Otaku obsess over characters, and I am certainly no different. Hell, I named my blog after obsession #1. I’ve often been asked though, how is it I could maintain what is now an almost 3-year-long interest in the character of Ogiue, especially in this age of constant fansubs where the viewers are witness to new characters every season. I really don’t know if I have a complete answer to that, and this post is going to be about trying to find a reason.  Warning: meandering ahead.

First, I think Ogiue is totally deserving of it. I believe her to be one of the most unbelievably complete and well-rounded characters in anime and manga. Actually, this applies to pretty much every other Genshiken character as well. What puts her above the rest is that she’s attractive to me.

Aside from that, however, is the fact that I have a tendency to carry long-term obsessions with characters in general, and it just manifests itself most strongly with Ogiue. Maetel, Tomoyo, Eureka, Cagalli, Hinata, in many, many cases once a character manages to catch my eye, they never quite leave. Some have faded a bit over time (Filia from Slayers TRY for example), but for the most part the strong presences of my past are not overridden by the strong characters of the present.

The real question, then, is why exactly am I able to obsess over characters for significantly longer periods of time compared to some of my peers? One possibility is that I form what feels like an emotional bond with the characters such that even if the quality of the character is not as great as I imagine, even if they turn out to be fairly big cliches, my memories of fondness for the characters are much stronger than objective reasoning. If they are indeed strong characters with strong emotions, such as Eureka, then that connection becomes much stronger and much longer-lasting. That said, I don’t think I’m all that susceptible to pandering fanservice characters (no matter what type of fanservice it may be), but there are always a few. I don’t call them guilty pleasures because they never really are.

I don’t think all that many people actually just cast their preferred characters aside when a new season starts, and the primary difference between me and some friends becomes how we display our passion for anime and its characters. Anyone who knows me knows that I’ve stuck with the Ogiue paraphernalia (avatars, name tags, this blog) for quite a while. It’s the public display that is more important. New, strong characters appear every season, but I stick with Ogiue.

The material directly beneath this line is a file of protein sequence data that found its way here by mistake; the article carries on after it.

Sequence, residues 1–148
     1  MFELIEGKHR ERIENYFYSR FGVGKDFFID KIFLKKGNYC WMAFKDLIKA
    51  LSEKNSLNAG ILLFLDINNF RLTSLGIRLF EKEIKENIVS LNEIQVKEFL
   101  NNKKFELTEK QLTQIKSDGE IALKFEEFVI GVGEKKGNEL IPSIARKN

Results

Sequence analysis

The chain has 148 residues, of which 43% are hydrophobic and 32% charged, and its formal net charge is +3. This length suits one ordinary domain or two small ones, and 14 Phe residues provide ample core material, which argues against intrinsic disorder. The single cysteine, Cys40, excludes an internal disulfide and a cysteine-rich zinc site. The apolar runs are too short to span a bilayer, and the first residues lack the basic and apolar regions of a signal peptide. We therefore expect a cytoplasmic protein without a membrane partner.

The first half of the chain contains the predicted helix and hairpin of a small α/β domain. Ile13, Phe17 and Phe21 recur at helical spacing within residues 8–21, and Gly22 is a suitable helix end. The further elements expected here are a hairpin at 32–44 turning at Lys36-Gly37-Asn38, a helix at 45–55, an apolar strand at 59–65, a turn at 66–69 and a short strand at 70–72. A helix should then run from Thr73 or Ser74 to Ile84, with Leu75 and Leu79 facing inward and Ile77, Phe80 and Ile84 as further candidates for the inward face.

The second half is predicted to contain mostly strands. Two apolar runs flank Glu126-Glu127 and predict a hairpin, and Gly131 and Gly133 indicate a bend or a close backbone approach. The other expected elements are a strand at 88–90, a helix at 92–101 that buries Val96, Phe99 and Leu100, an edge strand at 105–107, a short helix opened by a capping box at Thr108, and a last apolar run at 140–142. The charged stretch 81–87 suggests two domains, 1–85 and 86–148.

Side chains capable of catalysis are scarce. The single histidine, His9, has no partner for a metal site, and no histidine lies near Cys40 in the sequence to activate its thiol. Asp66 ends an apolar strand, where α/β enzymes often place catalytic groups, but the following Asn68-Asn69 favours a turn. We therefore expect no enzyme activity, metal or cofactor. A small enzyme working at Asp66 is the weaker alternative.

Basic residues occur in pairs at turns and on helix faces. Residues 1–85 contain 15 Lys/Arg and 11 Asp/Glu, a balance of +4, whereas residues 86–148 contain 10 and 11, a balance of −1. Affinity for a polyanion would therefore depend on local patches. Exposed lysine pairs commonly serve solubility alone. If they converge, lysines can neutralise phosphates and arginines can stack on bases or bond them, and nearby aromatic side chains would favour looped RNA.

Maybe it’s just how I want people to think of me, but I feel more like I’m compelled to do so, because she is that strong of a character.

While this blog is indeed called Ogiue Maniax, I thought I’d talk about two of the girls of anime who I called and still call my favorites, particularly the ones prior to my discovering Genshiken.

Daidouji Tomoyo from Cardcaptor Sakura has, in terms of favorite characters, been #1 for a very long time. Her devotion to Sakura, her desire to help those she cares for, and just the strength of her compassion makes watching her in Cardcaptor Sakura simply a joy every time. In fact, to give you an idea of how highly I think of Tomoyo (or maybe how highly I think of Ogiue), I am going to have to rewatch some Cardcaptor Sakura so I can determine to myself which is currently #1 to me.

Maetel from Galaxy Express 999. Prior to Ogiue, she was the most beautiful character I had ever seen. I remember seeing the GE999 movie in a theater about 8 years ago, and it changed my life. Galaxy Express 999 is the best anime I’ve ever seen, and the timelessness of Maetel’s character contributes to that feeling immensely. Watching 999 leaves me very emotional, so it’s no wonder I consider Maetel not only one of my favorite characters, but one of the best characters in fiction, period.

There are of course more, but we’ll save those for another day.

Official sources for Genshiken Second Season